Posted by Chris
So week three of the archetype series is here! We’ve covered heroes and villains now. What about the people in between those two? That is where the antihero emerges from the shadows…
So what are these dark characters? Is there any limits they will place on achieving their goals? Why are they some of the most popular characters in modern fiction? Where do we find examples in the real world? And why would you use one of these in your story?
So the anti-hero is a kind of interesting term. If you took the name literally you would think “That’s just another name for a villain”. The anti-hero is not a straight up villain though. In fact most hold many of the same traits as heroes. An anti-hero is normally motivated by a desire to help others (often a single person, or small group of people). It is common that they fight against villains or corrupted individuals. They even normally feel as though they are doing the right thing.
What makes them more like villains, and makes them contrast heroes are their methods. For instance, a hero normally allows a justice system have the criminal. An anti-hero “removes” them, or carries out the full judgement themselves. They tend to see the world as all shades of gray, and are incapable of seeing black or white. Their morals are normally lacking, or have been eroded away. As such they will often go farther than any hero would to achieve their goals. They do tend to have some morals and lines they don’t cross, but these are far fewer than nearly any hero.
You will find that Anti-heroes tend to be dark and gritty. They are written this way to make themselves contrast to your “typical hero”. If they aren’t written as a jagged person, they tend to come off as a crazy or psychotic character (even if unintentionally). These characters tend to mirror our more violent tendency and desires as humans. You know you have wanted to smack that smug smile off that hippocrates face, or break the nose of that bully, or even get payback on that missdeed against you. This is why we find anti-heroes so interesting. They explore the “what ifs” of our darker fantasies.
Will you find these people in the “wild”. Yes, but I hope you don’t especially not as something in their way. They do tend to be criminals, but are ussally the kind that don’t get caught. Occupationaly they are often bounty hunters, mercenaries, and real life vigilantes. The part of society that is on the darker side, that we rather pretend doesn’t exist. I mean we know “bad people” are out there; but the anti-hero is normally a “good person” doing “bad things”, and we don’t like to admit that happens so often.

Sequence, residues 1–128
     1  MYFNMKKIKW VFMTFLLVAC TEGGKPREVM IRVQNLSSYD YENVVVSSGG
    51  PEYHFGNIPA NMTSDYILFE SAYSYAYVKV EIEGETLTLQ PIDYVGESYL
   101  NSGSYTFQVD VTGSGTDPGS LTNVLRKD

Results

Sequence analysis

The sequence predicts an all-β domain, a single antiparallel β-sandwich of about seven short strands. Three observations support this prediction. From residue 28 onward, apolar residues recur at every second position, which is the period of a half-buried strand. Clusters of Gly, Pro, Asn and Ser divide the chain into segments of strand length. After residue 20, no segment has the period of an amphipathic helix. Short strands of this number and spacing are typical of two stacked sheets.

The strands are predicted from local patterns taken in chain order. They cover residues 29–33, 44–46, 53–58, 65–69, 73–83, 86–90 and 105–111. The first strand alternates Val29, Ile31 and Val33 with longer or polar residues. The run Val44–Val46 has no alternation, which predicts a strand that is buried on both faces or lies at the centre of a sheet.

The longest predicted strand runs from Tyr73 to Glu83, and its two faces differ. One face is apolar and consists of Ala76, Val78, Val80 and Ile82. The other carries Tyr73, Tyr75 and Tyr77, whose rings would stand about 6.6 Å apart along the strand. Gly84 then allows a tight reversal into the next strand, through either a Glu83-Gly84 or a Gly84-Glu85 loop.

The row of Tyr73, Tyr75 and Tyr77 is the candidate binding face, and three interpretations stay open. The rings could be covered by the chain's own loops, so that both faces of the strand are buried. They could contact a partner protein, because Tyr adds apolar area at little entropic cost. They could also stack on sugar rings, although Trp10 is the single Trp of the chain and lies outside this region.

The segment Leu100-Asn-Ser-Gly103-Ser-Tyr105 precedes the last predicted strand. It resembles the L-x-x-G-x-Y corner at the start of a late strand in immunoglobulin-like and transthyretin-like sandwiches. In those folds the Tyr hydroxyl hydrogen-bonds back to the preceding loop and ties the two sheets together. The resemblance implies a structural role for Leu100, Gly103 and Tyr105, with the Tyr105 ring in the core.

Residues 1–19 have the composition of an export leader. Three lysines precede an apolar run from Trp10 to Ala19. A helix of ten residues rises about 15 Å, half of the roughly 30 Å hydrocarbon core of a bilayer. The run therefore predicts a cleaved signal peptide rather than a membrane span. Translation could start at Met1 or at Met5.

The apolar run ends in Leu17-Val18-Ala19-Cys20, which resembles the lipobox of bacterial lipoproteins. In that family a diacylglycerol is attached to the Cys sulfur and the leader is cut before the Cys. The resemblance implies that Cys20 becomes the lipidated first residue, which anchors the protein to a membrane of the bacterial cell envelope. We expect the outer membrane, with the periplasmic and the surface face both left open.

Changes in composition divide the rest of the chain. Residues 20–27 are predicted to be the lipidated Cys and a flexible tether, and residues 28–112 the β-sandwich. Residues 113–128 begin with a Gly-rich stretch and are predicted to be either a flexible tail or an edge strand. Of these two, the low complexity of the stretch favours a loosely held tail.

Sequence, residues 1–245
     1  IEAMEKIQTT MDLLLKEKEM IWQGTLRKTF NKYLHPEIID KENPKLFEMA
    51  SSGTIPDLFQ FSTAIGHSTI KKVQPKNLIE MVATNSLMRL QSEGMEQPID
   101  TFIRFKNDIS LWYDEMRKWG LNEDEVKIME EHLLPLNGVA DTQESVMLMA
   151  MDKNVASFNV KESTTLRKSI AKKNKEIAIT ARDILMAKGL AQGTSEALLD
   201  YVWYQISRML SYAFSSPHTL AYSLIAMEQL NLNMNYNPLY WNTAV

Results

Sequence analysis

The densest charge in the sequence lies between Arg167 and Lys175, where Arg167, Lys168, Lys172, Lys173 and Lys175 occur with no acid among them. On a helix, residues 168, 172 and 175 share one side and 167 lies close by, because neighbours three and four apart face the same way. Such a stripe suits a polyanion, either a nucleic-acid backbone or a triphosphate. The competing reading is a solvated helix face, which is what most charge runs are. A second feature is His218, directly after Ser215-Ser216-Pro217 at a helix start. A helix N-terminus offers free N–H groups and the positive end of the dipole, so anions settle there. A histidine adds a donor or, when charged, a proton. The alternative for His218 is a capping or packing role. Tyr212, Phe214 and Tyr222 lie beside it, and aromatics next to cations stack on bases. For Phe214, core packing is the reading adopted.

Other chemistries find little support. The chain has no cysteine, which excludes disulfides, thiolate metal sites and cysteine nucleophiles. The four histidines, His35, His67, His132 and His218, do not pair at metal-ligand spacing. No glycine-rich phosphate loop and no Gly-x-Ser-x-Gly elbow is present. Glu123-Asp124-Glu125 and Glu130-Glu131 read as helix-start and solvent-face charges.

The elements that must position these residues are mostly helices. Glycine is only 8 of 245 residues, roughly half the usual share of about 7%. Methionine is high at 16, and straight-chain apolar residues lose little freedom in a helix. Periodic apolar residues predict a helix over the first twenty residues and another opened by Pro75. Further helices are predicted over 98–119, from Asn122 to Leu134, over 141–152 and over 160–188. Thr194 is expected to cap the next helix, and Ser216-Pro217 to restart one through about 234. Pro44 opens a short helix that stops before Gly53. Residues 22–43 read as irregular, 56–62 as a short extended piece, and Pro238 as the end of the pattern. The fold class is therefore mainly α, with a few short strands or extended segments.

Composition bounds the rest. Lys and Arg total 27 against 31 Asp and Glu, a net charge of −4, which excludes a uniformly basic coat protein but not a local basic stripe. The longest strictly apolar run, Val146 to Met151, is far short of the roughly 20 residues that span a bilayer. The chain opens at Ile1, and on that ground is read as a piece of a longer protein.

Back to the world of writing. These characters are good to draw contrast for your heroes. They can be “fallen” heroes, who have had their morals eroded away over the years. They can also be “reformed” villains who have found a new purpose in serving others, but tend to still not have a good moral compass. You could also use them to tell darker stories that might be harder for you to put a typical hero into. Or to tackle the more grim topics of society like corruption. While they do believe they are justified in their actions, the action itself doesn’t have to be a “good” one. They aren’t role models, but they do show that: imperfections don’t a villain make you.
Thanks for reading. You might have noticed I didn’t rant about lazy writers, or modern fiction in this one. That’s because even though these are some of the most popular types of characters out there; they haven’t gotten the abuse that heroes and villains have gotten lately. While it is very possible to write these characters in a lazy fashion; those don’t tend to fly well in the traditional published scene. Even though poorly written heroes and villains have both been squeezing through.